for (i = 0; (strarray[i][0] != '\0') && ( i < MAX_STRINGS ); i++){
    	
    		printf("%s\n", strarray[i]);
    	
    	}
    
       printf("Parent process exiting.\n");
       cleanup_on_exit();      /*Remove shared memory and semaphores */
       return(0);
    }
    consumer.c
    Code:
    #include "assign5.h"
    
    
    /* Global variables for consumer.c  */
       pid_t consid;      /* Consumer Process Id */
       void *shmptr;      /* pointer to shared memory returned by shmget() */
    
    
    /*******************************************************************/
    /* Function to cleanup before exiting                              */
    /*******************************************************************/
    void cleanup_on_exit()
    {
    /* Only detach shared memory.  Parent will remove it from system */
    /* Don't worry about semaphores.  Parent will delete them */
    
       shmdt(shmptr);
    
    }
    
    
    /**************************************************************************/
    /* Function to be invoked by the OS if CTRL-C is pressed during execution */
    /**************************************************************************/
    void ctrl_c(int signum)
    {
       perror("consumer: You have pressed CTRL_C\n");
       cleanup_on_exit();  /* Perform cleanup operations before exiting */
       exit(0);
    }
    
    
    /**************************************************************************/
    /* Main Consumer Routine                                                  */
    /**************************************************************************/
    int main(int argc, char *argv[])
    {
       int n;             /* local variable for consumed item */
       int shmid;         /* shared memory ID number */
       key_t shm_key;     /* key for shared memory segment */
       shr_mem_t *sp;     /* pointer to shared memory structure */
       sem_t *MUTEXptr;   /* pointer to the MUTEX semaphore */
       sem_t *EMPTYptr;   /* pointer to the EMPTY semaphore */
       sem_t *FULLptr;    /* pointer to the FULL semaphore  */
       char *procName = argv[0];  /* name of this process */
    
       signal(SIGINT, ctrl_c);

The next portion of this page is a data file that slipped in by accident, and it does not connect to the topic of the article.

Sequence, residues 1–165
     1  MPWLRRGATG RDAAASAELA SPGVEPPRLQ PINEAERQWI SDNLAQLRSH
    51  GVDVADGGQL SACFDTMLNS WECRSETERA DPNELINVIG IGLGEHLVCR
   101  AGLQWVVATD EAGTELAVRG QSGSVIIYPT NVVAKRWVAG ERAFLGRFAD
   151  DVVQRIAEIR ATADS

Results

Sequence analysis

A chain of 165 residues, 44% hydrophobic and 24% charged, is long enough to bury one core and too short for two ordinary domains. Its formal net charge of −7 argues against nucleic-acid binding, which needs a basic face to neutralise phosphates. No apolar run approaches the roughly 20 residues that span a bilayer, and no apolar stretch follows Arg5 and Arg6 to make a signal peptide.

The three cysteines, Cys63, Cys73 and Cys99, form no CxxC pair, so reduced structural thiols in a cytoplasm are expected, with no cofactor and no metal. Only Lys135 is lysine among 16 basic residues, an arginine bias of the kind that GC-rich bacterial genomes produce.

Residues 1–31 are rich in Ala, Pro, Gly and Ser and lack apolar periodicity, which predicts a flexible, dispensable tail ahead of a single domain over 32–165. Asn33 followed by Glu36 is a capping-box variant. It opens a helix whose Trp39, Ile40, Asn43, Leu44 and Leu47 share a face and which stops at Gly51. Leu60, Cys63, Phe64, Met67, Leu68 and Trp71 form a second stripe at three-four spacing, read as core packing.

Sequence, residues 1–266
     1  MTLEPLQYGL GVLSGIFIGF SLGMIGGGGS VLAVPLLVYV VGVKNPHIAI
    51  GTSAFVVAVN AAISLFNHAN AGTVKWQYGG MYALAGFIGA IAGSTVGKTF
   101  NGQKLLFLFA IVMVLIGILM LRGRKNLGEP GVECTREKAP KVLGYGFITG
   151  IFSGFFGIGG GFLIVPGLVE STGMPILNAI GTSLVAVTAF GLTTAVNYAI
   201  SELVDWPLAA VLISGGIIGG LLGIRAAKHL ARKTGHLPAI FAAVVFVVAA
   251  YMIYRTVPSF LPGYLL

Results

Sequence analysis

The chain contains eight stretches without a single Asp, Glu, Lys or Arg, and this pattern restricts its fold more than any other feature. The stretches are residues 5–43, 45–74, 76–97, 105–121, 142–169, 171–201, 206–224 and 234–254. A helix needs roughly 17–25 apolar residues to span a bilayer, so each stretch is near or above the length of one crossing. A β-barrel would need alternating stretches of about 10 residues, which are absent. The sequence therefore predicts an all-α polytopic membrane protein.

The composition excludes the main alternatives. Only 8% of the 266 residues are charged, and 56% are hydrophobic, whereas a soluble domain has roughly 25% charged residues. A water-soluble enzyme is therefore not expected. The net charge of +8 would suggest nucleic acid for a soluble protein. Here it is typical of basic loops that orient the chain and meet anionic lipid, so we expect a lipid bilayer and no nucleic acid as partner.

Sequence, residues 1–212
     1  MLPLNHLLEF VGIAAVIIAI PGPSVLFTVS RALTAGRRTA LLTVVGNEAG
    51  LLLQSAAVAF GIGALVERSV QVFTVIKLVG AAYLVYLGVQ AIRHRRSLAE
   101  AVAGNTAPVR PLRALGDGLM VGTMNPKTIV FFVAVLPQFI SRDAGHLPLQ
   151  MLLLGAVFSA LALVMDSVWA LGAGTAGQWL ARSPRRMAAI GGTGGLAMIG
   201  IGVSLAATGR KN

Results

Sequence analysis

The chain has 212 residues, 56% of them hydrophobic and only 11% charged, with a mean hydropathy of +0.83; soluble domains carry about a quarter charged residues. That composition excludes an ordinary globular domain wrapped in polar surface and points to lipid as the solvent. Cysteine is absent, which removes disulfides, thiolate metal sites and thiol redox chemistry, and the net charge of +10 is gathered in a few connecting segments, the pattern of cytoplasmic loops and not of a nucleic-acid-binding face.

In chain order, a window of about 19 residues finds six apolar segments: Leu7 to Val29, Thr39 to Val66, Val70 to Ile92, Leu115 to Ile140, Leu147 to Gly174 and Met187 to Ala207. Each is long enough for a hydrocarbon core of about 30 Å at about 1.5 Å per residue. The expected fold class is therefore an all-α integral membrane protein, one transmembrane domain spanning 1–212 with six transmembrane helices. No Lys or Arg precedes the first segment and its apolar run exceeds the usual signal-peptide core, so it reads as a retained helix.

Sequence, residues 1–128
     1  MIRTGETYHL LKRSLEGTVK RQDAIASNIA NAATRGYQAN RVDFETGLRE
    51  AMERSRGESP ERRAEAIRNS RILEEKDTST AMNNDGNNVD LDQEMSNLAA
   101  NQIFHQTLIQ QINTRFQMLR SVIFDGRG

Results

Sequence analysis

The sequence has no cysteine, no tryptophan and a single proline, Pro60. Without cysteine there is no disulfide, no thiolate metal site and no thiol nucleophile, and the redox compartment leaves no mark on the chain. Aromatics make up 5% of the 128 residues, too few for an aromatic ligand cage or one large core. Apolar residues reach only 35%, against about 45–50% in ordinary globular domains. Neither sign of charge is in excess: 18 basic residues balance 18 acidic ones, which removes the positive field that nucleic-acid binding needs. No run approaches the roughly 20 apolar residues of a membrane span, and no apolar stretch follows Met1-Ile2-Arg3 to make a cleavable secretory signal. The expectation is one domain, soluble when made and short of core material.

setbuf(stdout, NULL);
       setbuf(stderr, NULL);
    
    /* Use ftok() to get value for the key to identify the shared memory segment */
       shm_key = ftok(KEYPATH, KEYPROJ);
    
    /* Get the ID of the existing shared memory segment */
       shmid = shmget(shm_key, size_of(sp), S_IRUSR);	
       if (shmid == -1) {
          perror("shmget failed in consumer");
          exit(1);
          }
    
    /* Attach the shared memory segment */
       shmptr = shmat(shmid, NULL, 0);
       if(shmptr == (void *)-1) {
          perror("shmat failed in consumer");
          exit(1);
          }
    
    /* Cast shared memory pointer to structure type */
       sp = (shr_mem_t *)shmptr;
    
    /* Get pointers to the semaphores created by the parent */
       MUTEXptr = sem_open(sp->MUTEXname, 0, 0, 0);
       EMPTYptr = sem_open(sp->EMPTYname, 0, 0, 0);
       FULLptr = sem_open(sp->FULLname, 0, 0, 0);	
    
    /* Consume items until the SENTINEL is found */
       do {
          sem_wait(FULLptr);                    /* wait for a full buffer */
          sem_wait(MUTEXptr);                   /* wait for the mutex lock */
    
          n = sp->buff[sp->out].id;             /* get item id from buffer */
          /* Note that an item has been consumed and add PID to msg */
          printf("   %s: Consumed %10d at buffer[%d]\n", procName, n, sp->out);
    
          if (n != SENTINEL) {
             /* .... place item string into string array .... */
             sp->out = (sp->out + 1) % BUFFSIZE;   /* increment buffer index */
             }
    
          sem_post(MUTEXptr);                   /* release the mutex lock */
          sem_post(EMPTYptr);                   /* signal an empty buffer slot */
    
          } while(n != SENTINEL);
    
    /* Write a termination message */
        sem_wait(MUTEXptr);      /* protect printf as a critical section */
        printf("   %s exiting....\n", procName);
        sem_post(MUTEXptr);
    
    /* Clean up and exit */
       cleanup_on_exit();
       exit(0);
    }
    assign5.h
    Code:
    #include <stdio.h>
    #include <stdlib.h>
    #include <string.h>